stones, mild fatty liver disease, and normal bile duct diameter. The
pancreas is not well visualized. A CT scan of the abdomen shows
marked peripancreatic stranding with a small amount of fluid
around the tail of the pancreas.
Which of the following diagnostic studies should be done next?
A

Thyroid function tests

Serum triglyceride measurement

Repeat transabdominal ultrasonography

Endoscopic ultrasonography

21. A 40-year-old woman has a lower extremity rash that has been
present for several months. The patient used injection drugs 18
years ago. She was once told that her liver enzyme values were
abnormal but did not return for follow-up studies. Medical history
is otherwise noncontributory. Physical examination is normal
except for a palpable purpuric rash on her lower extremities.

Antibody to hepatitis B surface antigen (anti- Positive


HBs)
IgG antibody to hepatitis B core antigen
(IgG anti-HBc)

Positive

IgM antibody to hepatitis B core antigen


(IgM anti-HBc)

Negative

Antibody to hepatitis C virus (anti-HCV)

Positive

Which of the following diagnostic studies should be done next?


A

Mesenteric angiography

Measurement of serum and urine porphyrin

Antinuclear antibody assay

Measurement of serum cryoglobulin

22. A 73-year-old man is brought to the office by his wife after she
found him trying to put his shoes in the refrigerator. The patient
has cirrhosis due to 1-antitrypsin deficiency and has been taking
diuretics for ascites. There is no history of head trauma or
gastrointestinal bleeding.
On physical examination, temperature is 38.4 C (101.1 F). The
patient is disoriented to time and place and has asterixis.
Abdominal examination discloses moderate ascites, and rectal
10

examination demonstrates brown stool. There are no focal


neurologic findings.
Laboratory Studies

23. An 82-year-old woman is hospitalized because of a hemoglobin


level of 9.8 g/dL (98 g/L) associated with chest pain and increasing
shortness of breath. She has noted intermittent black stools over
the past several weeks but has not had abdominal pain, nausea, or
vomiting. Colonoscopy 6 months ago was normal. Medical history
is significant for moderate to severe aortic stenosis, recurrent
congestive heart failure, and chronic obstructive pulmonary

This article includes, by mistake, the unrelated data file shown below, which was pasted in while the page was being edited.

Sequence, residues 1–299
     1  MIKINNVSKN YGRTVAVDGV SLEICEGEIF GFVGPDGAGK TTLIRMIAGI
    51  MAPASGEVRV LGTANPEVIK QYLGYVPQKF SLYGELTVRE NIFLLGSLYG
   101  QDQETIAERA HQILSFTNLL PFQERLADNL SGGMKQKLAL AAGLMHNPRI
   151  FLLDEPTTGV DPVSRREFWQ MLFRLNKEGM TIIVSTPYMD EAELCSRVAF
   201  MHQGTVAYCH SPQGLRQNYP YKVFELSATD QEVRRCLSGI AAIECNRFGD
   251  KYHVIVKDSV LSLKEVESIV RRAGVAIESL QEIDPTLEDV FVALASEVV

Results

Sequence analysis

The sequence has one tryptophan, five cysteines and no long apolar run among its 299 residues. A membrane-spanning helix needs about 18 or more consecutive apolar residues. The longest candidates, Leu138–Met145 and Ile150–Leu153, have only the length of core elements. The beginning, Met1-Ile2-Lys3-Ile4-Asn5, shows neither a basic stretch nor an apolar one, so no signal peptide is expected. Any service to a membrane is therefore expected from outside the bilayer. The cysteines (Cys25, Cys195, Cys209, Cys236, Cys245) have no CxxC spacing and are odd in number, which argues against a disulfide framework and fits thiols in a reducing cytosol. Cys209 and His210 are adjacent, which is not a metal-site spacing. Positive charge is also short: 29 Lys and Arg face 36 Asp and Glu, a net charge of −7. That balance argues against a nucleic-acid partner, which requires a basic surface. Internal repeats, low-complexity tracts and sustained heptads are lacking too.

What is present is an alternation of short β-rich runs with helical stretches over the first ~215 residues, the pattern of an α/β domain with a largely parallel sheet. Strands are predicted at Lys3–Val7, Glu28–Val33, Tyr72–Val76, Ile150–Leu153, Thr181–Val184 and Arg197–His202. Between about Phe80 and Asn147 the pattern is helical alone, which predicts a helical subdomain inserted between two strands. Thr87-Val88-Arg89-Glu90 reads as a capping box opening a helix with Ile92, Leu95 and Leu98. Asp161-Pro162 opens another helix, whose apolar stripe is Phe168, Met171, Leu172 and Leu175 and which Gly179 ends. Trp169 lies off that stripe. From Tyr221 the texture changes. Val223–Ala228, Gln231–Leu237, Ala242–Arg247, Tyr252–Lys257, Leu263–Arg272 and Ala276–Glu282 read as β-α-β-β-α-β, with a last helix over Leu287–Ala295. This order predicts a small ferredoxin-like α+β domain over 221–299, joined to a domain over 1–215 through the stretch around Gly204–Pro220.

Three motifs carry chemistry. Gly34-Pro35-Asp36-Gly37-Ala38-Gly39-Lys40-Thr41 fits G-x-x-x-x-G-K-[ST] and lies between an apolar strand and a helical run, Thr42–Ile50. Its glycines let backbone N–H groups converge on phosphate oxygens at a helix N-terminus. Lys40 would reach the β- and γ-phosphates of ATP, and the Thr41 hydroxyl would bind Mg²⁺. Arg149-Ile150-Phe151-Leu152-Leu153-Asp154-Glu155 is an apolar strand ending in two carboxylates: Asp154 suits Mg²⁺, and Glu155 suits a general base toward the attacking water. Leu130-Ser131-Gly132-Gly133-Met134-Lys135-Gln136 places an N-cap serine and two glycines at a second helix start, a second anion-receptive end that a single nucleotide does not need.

disease. Cardiac catheterization was done several years ago and
was complicated by cholesterol emboli syndrome with emboli to
her kidneys and feet.

Hemoglobin

15.8 g/dL (158 g/L)

Leukocyte count

9400/L (9.4 109/L)

Platelet count

71,000/L (71 109/L)

Serum sodium

128 meq/L (128 mmol/L)

Serum potassium

4.0 meq/L (4.0 mmol/L)

Serum creatinine

1.3 mg/dL (114.95 mol/L)

Serum aspartate
aminotransferase

63 U/L

Serum alanine
aminotransferase

71 U/L

Serum total bilirubin

3.2 mg/dL (54.72 mol/L)

Serum albumin

2.8 g/dL (28 g/L)

Tagged red blood cell scan

INR

1.7

Repeat capsule endoscopy

Mesenteric angiography

Intraoperative endoscopy

Monitoring of the hemoglobin level

Which of the following is most appropriate for managing this


patient at this time?
A

Fluid restriction

Fresh frozen plasma

Platelet transfusion

Paracentesis

CT scan of the head

Blood transfusions are begun, and the patient's symptoms resolve.


Extended upper endoscopy, small bowel follow-through
radiographic studies, and capsule endoscopy (capsule enteroscopy)
are normal. There is no recurrence of melena.
In addition to beginning iron supplementation, which of the
following is the most appropriate next step in managing this
patient?

24. A 69-year-old woman has a 6- to 8-year history of intermittent


lower chest and epigastric pain that occurs soon after eating and is
associated with occasional vomiting. She also describes worsening
early satiety and has lost approximately 4.5 kg (10 lb) over the past
2 years. The patient has gastroesophageal reflux disease that is
well controlled with omeprazole, 20 mg twice daily. A barium
upper gastrointestinal series 2 years ago demonstrated a
paraesophageal hernia.
11

Physical examination is normal. Hemoglobin is 10.2 g/dL (102


g/L), and mean corpuscular volume is 78 fL. Complete blood count
is otherwise normal. Serum electrolytes and liver chemistry studies
are also normal. Upper endoscopy shows only the paraesophageal
hernia with some erosions; small bowel biopsy is normal.
Colonoscopy discloses scattered sigmoid diverticula.
Which of the following is the most appropriate management for
this patient?
A

Increase the dose of omeprazole to 40 mg twice daily

Refer for surgical repair of the hernia

Schedule capsule endoscopy (CT enteroscopy) of the


small bowel

Begin iron supplementation

No interventions at this time; re-evaluate in 3 months

Which of the following diagnostic studies should also be done at


this time?
A

Colonoscopy

Serologic studies for hepatitis B and hepatitis C virus

Upper gastrointestinal series with small bowel followthrough

Measurement of hemoglobin A1C

Measurement of serum vitamin D and calcium

25. A 46-year-old man with diarrhea undergoes upper endoscopy with


small bowel biopsies. Biopsy results are consistent with celiac
sprue.
Laboratory Studies
Complete blood count

Normal

Plasma glucose (fasting)

98 mg/dL (5.44
mmol/L)

Serum aspartate aminotransferase

20 U/L

Serum alanine aminotransferase

18 U/L

Serum alkaline phosphatase

130 U/L

Serum total bilirubin

0.6 mg/dL (10.26


mol/L)
12